Online Program

Self-perceived changes among social assistance recipients regarding employment prospects after receiving dental treatment

Monday, November 2, 2015

Sonica Singhal, BDS, MPH, PhD, FRCD(C), Faculty of Dentistry, University of Toronto, Toronto, ON, Canada
Andrew Mitchell, Faculty of Social Work, University of Toronto, Toronto, ON, Canada
Muhammad Mamdani, Li Ka Shing Knowledge Institute, St. Michael's Hospital, Toronto, ON, Canada
Howard Tenenbaum, DDS, PhD, FRCD(C), Faculty of Dentistry, University of Toronto, Toronto, ON, Canada
Carlos Quinonez, DMD, MSc, PhD, FRCD(C), Department of Dental Public Health, Faculty of Dentistry, University of Toronto
Background: Strengthening self-efficacy in job seeking of individuals with dental problems has been identified as an important factor in facilitating job procurement and maintenance.There is no knowledge if receiving dental treatment improves self-efficacy and in turn mediates positive employment outcomes. This work is an endeavor to explore such pathways.

Methods: An exploratory study of a convenience sample of 30 participants was conducted using a pre- and post-dental treatment survey among adult social assistance recipients of Ontario, Canada. The survey included validated instruments such as Oral Health Impact Profile (OHIP-14) and Job Seeking Self-efficacy scale (JSS). Changes in scores of both scales following dental treatment were calculated. Pearson correlation was performed between JSS and OHIP-14 scores to assess if change in oral health related quality of life was correlated to job-seeking self-efficacy.

Results: Thirty participants completed pre- and post-dental treatment surveys. Mean scores for OHIP-14 (23.4 to 6.7, p<0.001, effect size: 1.75) and JSS (4.9 to 5.5, p = 0.002, effect size: 0.40) changed significantly after receiving dental treatment. A significant negative correlation (-0.56) was observed between the two scores.

Conclusion: Among this convenience sample of social assistance recipients, our results indicate that, after receiving dental treatment, oral health related quality of life and self-efficacy in job seeking improves, which reflects addressing employment barriers.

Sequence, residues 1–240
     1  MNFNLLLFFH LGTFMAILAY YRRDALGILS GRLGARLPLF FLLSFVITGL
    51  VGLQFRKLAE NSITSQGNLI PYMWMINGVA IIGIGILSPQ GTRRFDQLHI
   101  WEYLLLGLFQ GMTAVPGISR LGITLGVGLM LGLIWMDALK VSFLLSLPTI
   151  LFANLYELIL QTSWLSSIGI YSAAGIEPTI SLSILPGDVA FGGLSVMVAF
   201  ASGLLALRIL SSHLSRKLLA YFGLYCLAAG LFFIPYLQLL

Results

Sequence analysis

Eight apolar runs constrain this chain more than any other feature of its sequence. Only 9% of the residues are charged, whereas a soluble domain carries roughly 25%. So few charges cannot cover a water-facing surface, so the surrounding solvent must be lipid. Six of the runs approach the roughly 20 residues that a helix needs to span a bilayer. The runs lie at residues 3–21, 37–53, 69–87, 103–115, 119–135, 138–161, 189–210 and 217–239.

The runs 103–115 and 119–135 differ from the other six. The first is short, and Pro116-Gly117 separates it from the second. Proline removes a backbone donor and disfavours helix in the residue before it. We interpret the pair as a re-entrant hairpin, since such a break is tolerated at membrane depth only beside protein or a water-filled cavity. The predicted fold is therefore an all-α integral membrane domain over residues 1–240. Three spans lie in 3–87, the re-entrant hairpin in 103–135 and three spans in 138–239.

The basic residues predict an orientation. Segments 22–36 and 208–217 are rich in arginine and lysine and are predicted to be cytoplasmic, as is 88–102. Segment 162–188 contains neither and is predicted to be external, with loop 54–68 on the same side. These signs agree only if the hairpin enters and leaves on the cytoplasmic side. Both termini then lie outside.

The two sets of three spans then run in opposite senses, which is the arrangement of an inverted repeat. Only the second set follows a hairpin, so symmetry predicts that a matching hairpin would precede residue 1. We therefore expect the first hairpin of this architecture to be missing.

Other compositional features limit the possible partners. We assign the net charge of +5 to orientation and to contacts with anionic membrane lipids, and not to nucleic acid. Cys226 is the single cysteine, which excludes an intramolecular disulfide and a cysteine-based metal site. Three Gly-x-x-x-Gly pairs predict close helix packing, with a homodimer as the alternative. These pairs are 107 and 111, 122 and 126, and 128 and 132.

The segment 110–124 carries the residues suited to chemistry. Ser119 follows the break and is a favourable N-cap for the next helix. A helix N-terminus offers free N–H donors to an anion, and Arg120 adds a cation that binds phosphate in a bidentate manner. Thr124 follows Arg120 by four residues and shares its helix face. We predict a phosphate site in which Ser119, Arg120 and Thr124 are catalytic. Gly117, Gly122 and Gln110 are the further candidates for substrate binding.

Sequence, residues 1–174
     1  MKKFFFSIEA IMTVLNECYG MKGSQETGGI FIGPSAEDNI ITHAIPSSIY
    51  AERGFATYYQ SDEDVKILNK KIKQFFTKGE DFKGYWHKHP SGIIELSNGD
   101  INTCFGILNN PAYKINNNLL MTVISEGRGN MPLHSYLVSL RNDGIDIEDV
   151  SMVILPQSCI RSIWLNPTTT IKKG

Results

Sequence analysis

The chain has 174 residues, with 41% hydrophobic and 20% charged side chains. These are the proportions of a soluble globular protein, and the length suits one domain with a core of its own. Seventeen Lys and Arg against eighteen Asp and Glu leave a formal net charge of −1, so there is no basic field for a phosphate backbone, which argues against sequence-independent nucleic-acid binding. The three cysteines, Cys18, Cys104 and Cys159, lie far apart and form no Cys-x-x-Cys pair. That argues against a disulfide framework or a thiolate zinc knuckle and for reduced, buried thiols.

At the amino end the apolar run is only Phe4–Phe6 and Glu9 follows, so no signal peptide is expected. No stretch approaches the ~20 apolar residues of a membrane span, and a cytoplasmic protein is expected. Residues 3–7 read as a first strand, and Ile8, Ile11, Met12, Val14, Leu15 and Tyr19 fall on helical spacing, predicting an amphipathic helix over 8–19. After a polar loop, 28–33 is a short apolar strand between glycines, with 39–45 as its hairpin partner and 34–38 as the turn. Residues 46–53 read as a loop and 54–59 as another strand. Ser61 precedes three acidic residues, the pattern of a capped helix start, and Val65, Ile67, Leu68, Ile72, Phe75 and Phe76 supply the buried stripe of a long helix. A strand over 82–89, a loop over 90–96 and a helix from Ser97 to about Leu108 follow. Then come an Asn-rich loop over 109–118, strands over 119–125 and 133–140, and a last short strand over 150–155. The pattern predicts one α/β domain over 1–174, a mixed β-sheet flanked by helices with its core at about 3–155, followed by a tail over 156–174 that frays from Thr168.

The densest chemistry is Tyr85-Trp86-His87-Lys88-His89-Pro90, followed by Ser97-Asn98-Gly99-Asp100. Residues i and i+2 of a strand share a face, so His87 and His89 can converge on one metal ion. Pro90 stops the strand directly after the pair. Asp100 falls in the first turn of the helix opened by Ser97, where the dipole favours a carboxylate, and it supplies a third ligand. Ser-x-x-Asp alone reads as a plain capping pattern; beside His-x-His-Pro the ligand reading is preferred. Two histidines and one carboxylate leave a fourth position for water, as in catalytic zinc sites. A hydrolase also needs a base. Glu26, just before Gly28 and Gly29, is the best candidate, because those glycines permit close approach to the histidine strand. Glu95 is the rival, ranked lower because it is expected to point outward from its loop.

Learning Areas:

Biostatistics, economics
Program planning
Public health or related public policy
Social and behavioral sciences
Systems thinking models (conceptual and theoretical models), applications related to public health

Learning Objectives:
Assess the change in dental disability among social assistance recipients after receiving treatment. Assess the change in job seeking self-efficacy among social assistance recipients after receiving treatment. Determine the correlation between change in dental disability and change in job seeking self-efficacy.

Keyword(s): Oral Health, Public Health Policy

Presenting author's disclosure statement:

Qualified on the content I am responsible for because: I am a dentist with clinical experience of ten years and I have done post graduation in public health sciences. Being equipped with skills of epidemiology and bio statistics, and experience of handling several other projects independently, I could manage this research work successfully. I have published four papers in high impact journals as first author.
Any relevant financial relationships? No

I agree to comply with the American Public Health Association Conflict of Interest and Commercial Support Guidelines, and to disclose to the participants any off-label or experimental uses of a commercial product or service discussed in my presentation.

Back to: 3107.0: Poster #1